Lt. Gen. David H. Huntoon, Jr. has not had the best of luck in the past two weeks. Seven days following the results of an investigation by the Pentagon that the West Point Superintendent "improperly used" his office and recommended corrective action against the 3-star general, Huntoon unexpectedly found himself on the hot seat again, yesterday.
At a routine meeting of the West Point Board of Visitors, a select committee of Members of Congress and Presidential Appointees, Huntoon was giving a standard presentation on affairs of the Academy.
In the small audience (around 20-30 attendees) were three U.S. Senators and five Congresspersons. Also in the audience was Brenda "Sue" Fulton, West Point Class of '80, one of the first women to graduate from the storied and revered institution. Last year, she became the first openly gay individual to be appointed by the President to the Board of Visitors, an honor reflective of a lifetime of service to the nation.
Fulton was not pleased with how the Academy handled a recent incident that involved the entire men's rugby team. Jezebel's Katie J. M. Baker gives a rather good summary of it here.
The gist: for the past year (and possibly more), the men's rugby team participated in a weekly e-mail on the government e-mail system that included sexist comments, rape humor, homophobia, and racism in extremely graphic terms. They also took pictures of women on campus (without their knowledge) and doctored them to be sexually-suggestive and degrading.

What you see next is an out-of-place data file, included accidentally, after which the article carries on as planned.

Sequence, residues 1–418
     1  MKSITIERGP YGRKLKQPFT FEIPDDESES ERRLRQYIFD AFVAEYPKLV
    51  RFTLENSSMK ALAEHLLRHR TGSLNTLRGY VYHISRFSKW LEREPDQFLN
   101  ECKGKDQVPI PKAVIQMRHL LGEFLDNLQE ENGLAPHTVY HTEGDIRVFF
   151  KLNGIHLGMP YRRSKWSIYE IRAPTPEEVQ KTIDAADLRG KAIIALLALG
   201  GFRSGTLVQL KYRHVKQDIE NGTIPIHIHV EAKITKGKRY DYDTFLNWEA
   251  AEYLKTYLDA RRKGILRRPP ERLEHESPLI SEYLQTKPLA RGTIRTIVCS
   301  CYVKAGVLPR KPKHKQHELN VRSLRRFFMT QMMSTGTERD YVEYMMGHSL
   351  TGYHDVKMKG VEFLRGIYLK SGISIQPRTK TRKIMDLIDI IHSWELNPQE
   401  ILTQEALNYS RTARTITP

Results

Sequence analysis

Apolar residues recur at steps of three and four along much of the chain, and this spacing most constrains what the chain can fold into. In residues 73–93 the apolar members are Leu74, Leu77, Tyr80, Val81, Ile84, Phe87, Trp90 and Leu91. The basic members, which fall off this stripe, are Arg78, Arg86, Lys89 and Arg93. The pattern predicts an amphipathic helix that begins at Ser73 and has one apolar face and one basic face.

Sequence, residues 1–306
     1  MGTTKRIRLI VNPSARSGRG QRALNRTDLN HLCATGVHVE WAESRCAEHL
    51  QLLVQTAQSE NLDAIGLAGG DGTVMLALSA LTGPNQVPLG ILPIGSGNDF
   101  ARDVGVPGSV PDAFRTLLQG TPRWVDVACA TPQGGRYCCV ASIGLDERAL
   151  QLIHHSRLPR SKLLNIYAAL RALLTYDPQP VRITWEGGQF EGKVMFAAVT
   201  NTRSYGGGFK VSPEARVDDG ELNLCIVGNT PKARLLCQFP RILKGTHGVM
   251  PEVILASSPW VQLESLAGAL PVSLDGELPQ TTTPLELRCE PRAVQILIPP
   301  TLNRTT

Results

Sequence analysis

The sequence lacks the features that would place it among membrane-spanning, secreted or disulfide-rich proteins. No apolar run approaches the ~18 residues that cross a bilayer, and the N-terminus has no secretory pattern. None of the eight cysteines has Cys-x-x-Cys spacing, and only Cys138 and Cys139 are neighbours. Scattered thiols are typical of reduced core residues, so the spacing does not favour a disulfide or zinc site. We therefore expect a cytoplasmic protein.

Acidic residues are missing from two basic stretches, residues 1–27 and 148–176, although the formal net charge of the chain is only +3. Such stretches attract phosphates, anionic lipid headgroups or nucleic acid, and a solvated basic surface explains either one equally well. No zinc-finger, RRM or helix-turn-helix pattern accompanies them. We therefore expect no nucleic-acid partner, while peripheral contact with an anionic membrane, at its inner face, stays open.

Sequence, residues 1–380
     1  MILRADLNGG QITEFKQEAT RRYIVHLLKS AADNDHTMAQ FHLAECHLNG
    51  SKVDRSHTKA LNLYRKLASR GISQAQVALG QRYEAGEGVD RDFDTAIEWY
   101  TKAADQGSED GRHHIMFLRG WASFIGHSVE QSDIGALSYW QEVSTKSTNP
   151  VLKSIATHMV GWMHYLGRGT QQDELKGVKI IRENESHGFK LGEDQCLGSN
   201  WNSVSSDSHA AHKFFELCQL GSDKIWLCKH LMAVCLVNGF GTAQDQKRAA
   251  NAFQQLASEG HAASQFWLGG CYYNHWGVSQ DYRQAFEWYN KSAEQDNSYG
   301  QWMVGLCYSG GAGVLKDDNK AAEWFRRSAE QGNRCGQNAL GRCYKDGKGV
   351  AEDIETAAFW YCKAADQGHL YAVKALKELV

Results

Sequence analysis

The Academy deliberately attempted to cover-up the incident after it was reported and downplayed what happened, lying to both the press and the Corps of Cadets about the nature of the e-mails and the punishment given.
As Huntoon was set to launch into how the Academy has been handling recent troubles with this incident and previous ones, including a sergeant who filmed female cadets in the shower, Fulton asked to read a statement on her assessment of the situation, a rather blistering one that seemed to suck the air out of the room and completely blindside the General.
According to one attendee, "He was visibly shaken and thrown off guard. As soon as he realized she was reading from a prepared statement, he froze. As she continued reading, he blanched."
Following her reading, this exchanged occurred between the General and Congresswoman Loretta Sanchez, who was none-too-pleased. This comes from an audio recording I was sent taken by someone at the meeting:
LTG HUNTOON: The inappropriate use of language [in these e-mails] was completely unacceptable... [unintelligble 2 seconds]... You and I know this is a cultural issue; one that, among other things, Congressman Sanchez, talked very eloquently about, a week ago...[about] Andrews Air Force Base. Cultural change takes time. This must be approached immediately. I can assure you [we are working on this as evidenced by our slides].
This clearly wasn't good enough for the Congresswoman, who immediately dismissed the leader-isms that have come to be expected of high-ranking officers questioned on military sexual trauma.
CONGRESSWOMAN SANCHEZ: So, I'm new to this, but I will tell you something: the fact that these gentlemen--and it's hard to call them that--will still get to wear a uniform... it's a big disrespect to women. Maybe this *is* an issue of due process, but if that's true, [you need to tell us, so we can change this]. It's pretty unacceptable to have those men wear a uniform and still be in the United States military. It's just incredible how irresponsible on our part to have allowed that to happen. I just want to make it clear how egregious this situation has been. I don't want to dwell on one situation, but if we're hiding behind is how happened was subject to the law, the procedures of this institution [re: West Point] [need to be changed]. This type of person does not belong in uniform.